From Open to the Spirit
I contend many don’t really think Jesus needed the Spirit or depended upon the Spirit; I contend, too, that those who think that also don’t think (they may not say so) we need the Spirit.
If with Jesus, so also with us.
The New Testament Gospels are not like the other gospels that didn’t make it into our Bible. For example, there is a story about Jesus as a boy making mud birds in a puddle and then, to dazzle those around him, swished his hands and off the birds went flying. That tale didn’t make the cut. It doesn’t portray the real, human Jesus of the four Gospels.
However, we know that the human Jesus had to learn mathematics; he had to learn the names of friends; and he had to grow in wisdom and knowledge like the rest of us. He also had emotions. In fact, the Gospels let us in on how Jesus felt: he was exasperated, he wept, he wailed, he got angry with other people, and he even cried out in despair. But he also expressed victory and triumph….
Jesus was a real human being, which means he grew Spirit-ually by learning to be open to the Spirit. I know busloads of Christians who deny this was true of Jesus. Other Christians would like it not to be true, so they choose to avoid the truth. Most of us, however, would prefer to not explicitly deny a plain reading of the Gospels. So I’ll say it again: Jesus was human and because Jesus was a human, he needed to be empowered from day one with and by the Holy Spirit. If this is true—and I am about to show how this is found in the Bible—then it is all the more true that you and I need the Holy Spirit. Even more so.
How Did He Pull off the Miracles?
Jesus healed people; he exorcised demons and unswirled a storm at sea. He knew things in people’s hearts before they had expressed what was going on inside. How did he do these things? I will begin with Peter, a disciple who knew because he was there. Peter gave a sermon that was heard by a gentile named Cornelius, who himself had experienced a life-altering vision. In the sermon, Peter said this about Jesus:
You know…how God anointed Jesus of Nazareth with the Holy Spirit and power, and how he went around doing good and healing all who were under the power of the devil, because God was with him.
Peter was pointing out two things. First, what Jesus did is accurately characterized as “doing good” and “healing.” How Jesus did these things is clear: “God anointed Jesus…with the Holy Spirit and power.” Jesus did these things “because God was with him.” Jesus’s kingdom powers were at work in him because he was wide open to the Holy Spirit.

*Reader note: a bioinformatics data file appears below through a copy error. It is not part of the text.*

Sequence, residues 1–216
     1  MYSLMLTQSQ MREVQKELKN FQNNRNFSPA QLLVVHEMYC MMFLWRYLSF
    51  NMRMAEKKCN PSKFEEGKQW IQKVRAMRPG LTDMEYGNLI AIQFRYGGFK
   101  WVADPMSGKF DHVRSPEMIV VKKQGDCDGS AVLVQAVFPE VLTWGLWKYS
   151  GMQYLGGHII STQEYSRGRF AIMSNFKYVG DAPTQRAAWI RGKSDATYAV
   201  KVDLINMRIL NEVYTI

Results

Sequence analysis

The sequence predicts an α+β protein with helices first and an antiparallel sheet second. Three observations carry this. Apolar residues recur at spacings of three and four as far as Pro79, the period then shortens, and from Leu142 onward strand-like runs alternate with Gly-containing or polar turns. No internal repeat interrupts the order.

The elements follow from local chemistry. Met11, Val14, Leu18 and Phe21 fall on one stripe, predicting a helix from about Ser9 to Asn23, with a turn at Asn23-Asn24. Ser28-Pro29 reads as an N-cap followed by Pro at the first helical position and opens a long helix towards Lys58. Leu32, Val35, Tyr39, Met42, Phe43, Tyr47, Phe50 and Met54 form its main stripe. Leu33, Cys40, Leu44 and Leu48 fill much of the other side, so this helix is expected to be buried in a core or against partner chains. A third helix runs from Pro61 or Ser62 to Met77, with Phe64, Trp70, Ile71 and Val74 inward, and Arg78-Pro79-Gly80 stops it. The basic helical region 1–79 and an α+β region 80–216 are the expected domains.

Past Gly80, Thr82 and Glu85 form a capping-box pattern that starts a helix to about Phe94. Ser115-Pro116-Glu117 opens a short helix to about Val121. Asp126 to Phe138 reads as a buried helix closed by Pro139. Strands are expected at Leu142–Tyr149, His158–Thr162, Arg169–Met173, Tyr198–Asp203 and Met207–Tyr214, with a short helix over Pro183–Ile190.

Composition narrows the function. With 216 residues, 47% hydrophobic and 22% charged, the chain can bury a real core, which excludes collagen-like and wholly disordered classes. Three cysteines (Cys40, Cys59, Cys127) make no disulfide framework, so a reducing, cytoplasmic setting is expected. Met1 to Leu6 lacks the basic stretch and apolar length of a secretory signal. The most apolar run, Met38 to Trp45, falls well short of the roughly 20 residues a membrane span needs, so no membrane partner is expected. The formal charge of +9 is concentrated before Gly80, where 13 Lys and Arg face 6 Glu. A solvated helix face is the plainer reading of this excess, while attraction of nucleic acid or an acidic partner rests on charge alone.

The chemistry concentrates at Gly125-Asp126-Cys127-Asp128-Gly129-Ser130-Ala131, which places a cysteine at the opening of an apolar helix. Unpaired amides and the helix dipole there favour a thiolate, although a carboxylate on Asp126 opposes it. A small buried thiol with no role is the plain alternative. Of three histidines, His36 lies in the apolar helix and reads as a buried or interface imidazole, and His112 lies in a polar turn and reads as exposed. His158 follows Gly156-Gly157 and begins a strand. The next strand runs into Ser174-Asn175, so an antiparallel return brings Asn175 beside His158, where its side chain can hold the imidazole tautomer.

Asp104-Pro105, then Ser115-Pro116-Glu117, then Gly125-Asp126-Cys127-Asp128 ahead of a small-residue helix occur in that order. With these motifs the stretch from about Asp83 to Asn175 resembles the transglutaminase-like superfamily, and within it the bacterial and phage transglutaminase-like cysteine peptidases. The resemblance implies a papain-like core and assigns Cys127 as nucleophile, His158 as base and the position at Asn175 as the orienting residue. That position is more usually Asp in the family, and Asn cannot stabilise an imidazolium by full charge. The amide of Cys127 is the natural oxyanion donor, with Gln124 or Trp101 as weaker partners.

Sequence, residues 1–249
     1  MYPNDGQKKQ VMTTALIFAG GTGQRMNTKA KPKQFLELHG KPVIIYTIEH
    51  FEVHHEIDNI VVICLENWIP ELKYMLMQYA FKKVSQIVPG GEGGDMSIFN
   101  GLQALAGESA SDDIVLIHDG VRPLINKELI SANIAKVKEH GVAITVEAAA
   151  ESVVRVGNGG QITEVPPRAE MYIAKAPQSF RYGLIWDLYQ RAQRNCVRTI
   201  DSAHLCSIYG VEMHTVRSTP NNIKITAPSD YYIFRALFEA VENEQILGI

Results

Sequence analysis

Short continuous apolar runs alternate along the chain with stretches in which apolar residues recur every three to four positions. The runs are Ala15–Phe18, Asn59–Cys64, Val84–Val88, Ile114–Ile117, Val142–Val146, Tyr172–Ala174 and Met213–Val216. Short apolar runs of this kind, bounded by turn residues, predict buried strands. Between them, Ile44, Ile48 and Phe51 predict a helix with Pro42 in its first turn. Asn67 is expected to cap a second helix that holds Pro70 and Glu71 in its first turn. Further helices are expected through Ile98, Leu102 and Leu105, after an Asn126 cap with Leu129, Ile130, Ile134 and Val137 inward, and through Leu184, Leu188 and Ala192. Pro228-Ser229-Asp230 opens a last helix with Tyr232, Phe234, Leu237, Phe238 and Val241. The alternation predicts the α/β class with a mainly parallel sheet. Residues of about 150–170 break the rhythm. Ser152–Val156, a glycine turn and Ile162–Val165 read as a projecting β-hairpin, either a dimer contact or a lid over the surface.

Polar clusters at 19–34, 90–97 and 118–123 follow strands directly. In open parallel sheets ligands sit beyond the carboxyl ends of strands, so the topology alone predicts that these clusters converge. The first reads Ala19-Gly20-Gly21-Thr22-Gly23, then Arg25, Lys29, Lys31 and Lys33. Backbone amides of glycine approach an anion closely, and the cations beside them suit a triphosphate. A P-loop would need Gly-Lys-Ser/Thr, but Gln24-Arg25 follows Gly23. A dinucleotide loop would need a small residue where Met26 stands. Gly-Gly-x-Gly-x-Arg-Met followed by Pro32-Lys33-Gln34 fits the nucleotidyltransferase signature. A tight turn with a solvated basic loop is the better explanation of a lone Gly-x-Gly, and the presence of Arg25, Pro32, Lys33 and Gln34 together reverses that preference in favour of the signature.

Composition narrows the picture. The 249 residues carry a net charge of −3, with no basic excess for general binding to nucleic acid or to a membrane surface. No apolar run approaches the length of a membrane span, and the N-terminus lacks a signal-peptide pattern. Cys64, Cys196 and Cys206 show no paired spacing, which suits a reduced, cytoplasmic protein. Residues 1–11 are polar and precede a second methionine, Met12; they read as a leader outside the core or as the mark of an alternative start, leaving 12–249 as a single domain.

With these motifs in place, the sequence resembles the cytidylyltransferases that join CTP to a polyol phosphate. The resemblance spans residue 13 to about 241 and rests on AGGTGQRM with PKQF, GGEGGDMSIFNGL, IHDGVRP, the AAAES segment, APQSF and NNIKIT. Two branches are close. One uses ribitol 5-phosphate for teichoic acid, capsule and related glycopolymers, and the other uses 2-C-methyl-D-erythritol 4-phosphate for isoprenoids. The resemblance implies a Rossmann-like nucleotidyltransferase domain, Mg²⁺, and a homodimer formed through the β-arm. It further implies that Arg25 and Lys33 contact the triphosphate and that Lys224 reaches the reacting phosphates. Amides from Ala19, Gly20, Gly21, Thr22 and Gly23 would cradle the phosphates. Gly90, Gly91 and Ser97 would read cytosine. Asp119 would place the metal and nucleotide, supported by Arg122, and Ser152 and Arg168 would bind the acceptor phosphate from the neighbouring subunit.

Peter and others who wrote the New Testament don’t give us a choice in the matter. Jesus, as a human, did all that he did—living, eating, praying, conversing, healing, teaching, doing good, rebuking, defending—by the power of the Spirit.
The highly regarded Wheaton College professor Gerald Hawthorne summarized his study of Jesus and the Spirit in these words: “[T]he Holy Spirit was the divine power by which Jesus overcame his human limitations [such as being limited in knowledge and bound by physical space and human strength], rose above his human weakness, and won out over his human mortality.” Unlocking the doors so the Spirit can come in begins with Jesus, the perfectly wide-open human.
Jesus, the Spirit-Filled Man
What often has been overlooked needs to be made clear. Every major facet of the life of Jesus is a Spirit-event. So much so that we need to see that the more Christlike we become, the more Spirit-ual we become. Again, the closer our Spirit-uality gets to Jesus, the more dependent on and empowered by the Spirit we will be.
The Gospels of Matthew, Mark, and Luke open with the baptism of Jesus: “As soon as Jesus was baptized, he went up out of the water. At that moment heaven was opened, and he saw the Spirit of God descending like a dove and alighting on him.” This same event is described by John:
Then John [the baptizer] gave this testimony: “I saw the Spirit come down from heaven as a dove and remain on him. And I myself did not know him, but the one who sent me to baptize with water told me, ‘The man on whom you see the Spirit come down and remain is the one who will baptize with the Holy Spirit.’”
John saw the Spirit descend on Jesus. He knew the Spirit-anointed Jesus would have a perpetual filling of the Spirit and would go about plunging people into the Spirit.
A window was opened into the Spirit-prompted religious experience of Jesus, which is captured in the word Abba:
When the Father announces that this Jesus is God’s very beloved “Son,” Jesus knows from those words that God is his special, loving Father. This event was an epochal moment in Jesus’s spirituality. From this point on, Jesus will be known as Son and he will teach his followers to call God “Father.”